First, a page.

Opinion

4 Areas of Your Life That are Well Worth Investing In

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Joanne Poh

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Have you ever had one of those mornings where you woke up, grabbed your wallet only to realise it was empty, and then realised you had completely forgotten what happened after Drink #4 the night before?

No matter how great a party it was, every single glass after Drink #4 was a bad investment. You threw your money at the bartender, only to get a drink you not only don’t remember imbibing, but which also wiped out your memory of a potentially enjoyable night.

On the other hand, nobody would tell you that that $30,000 you spent on your education was a bad idea, because the gulf between graduates’ and non-graduates’ starting pay is so great that it’s easy to see how the investment would be likely to pay off.

Here are four things that are totally worth the money, because they pay off in one way or another.

 

Your relationships

No matter how much money you have in the bank, a person with no meaningful relationships is a miserable one. These don’t necessarily have to be romantic relationships—you can have a meaningful relationship with your friends, family, neighbours, coworkers, kopi auntie and so on.

So don’t spend every second of your life working and invest a bit of time into the relationships that are important to you. Note that that’s very different from spending lots of money so that you appear cool to people or so you can impress them by going to fancy restaurants.

Turning down a job that requires you to be at the office 16 hours a day so you can spend more time with your spouse/kids, making the effort to meet your friends regularly, inviting your neighbours over for dinner or giving a trusted colleague a birthday gift are all gestures that can help you feel better about life in general.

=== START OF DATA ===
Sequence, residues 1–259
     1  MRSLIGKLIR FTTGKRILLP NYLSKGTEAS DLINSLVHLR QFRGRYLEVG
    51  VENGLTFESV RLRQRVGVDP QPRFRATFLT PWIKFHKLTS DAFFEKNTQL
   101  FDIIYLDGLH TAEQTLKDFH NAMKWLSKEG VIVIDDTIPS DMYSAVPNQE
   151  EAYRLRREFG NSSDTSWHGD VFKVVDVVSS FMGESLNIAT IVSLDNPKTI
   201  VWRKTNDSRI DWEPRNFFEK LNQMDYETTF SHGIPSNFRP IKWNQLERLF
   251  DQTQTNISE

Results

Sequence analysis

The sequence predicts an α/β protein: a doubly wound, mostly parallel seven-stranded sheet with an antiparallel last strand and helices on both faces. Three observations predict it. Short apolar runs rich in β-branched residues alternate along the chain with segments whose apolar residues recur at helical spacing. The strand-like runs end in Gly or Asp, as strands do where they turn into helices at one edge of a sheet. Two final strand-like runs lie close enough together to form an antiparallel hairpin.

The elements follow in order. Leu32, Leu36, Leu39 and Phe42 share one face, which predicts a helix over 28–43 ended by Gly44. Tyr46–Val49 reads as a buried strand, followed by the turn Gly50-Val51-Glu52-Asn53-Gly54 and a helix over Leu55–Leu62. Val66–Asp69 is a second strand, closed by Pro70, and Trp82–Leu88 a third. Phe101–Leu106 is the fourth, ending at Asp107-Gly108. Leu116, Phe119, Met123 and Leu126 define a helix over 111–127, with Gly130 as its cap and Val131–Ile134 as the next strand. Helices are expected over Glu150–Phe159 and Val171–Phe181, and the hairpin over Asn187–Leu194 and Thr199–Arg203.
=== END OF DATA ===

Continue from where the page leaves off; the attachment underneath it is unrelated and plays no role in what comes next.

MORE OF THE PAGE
Your health

Would you accept $1 million dollars—in exchange for one of your kidneys? No, right? RIGHT?! So in your pursuit of wealth and fame, don’t forget to invest in your health and mental wellbeing, too.

Investing in your health does not have to be expensive if you don’t have chronic health problems, but it does require a commitment of time and effort. No matter how hard you have to work, you need to carve out the time for regular exercise, and make the effort to eat healthily.

If you’re really time-starved, find a way to incorporate these routines seamlessly into your everyday life, such as by taking a run during lunchtime, cycling to work and cooking extra at dinner so you can bring your lunch to work.

 

Your mental wellbeing

More and more young professionals in Singapore are working so hard that they’re burning out, and finding themselves having to seek psychiatric health or even quit their jobs altogether.

Taking the time and energy to ensure your life is balanced and your mental health intact is important, even if it means taking some time off work or not always being a yes-man.

For starters, you must ensure you’re getting adequate sleep and have effective ways to wind down after work. It’s also worthwhile investing some money and time into an inexpensive hobby that gives you something to look forward to outside of work—go for jogs with a running group after work, learn to play the ukulele, whatever.

If you experience overwhelming stress, you need some tools to help you deal. Start practising meditation, get a therapist or whatever—just make sure you take steps to help yourself feel better.

 

Your education

You shouldn’t stop learning till you’re dead. And anyway, in Singapore, if you don’t keep upgrading your skills, you could very well find yourself dead, or at least retrenched.

There are few people in Singapore who can honestly say that a basic degree is a waste of money. Sure, there are some people who manage to make it even without degrees, but there is no denying that for ordinary, not particularly enterprising people, entering the workforce with a degree is a much safer bet.

Something also has to be said for upgrading your skills after you start working. Take the initiative to identify skills gaps or interests/aptitudes you’d like to develop, and then look for courses to take, books to read or people you can speak to who’ll help.

Even what you’re learning has nothing to do with your day job, new skills or knowledge can make you happier and help you feel more fulfilled. So when you are trying to choose between spending $100 to buy a new outfit or learning something new, always pick the latter.

What areas of your life do you think are worth investing in? Tell us in the comments!

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Joanne Poh

In my previous life, I was a property lawyer who spent most of my time struggling to get out of bed or stuck in peak hour traffic. These days, as a freelance commercial writer, I work in bed, on the beach, in parks and at cafes, all while being really frugal. I like helping other people save money so they can stop living lives they don't like.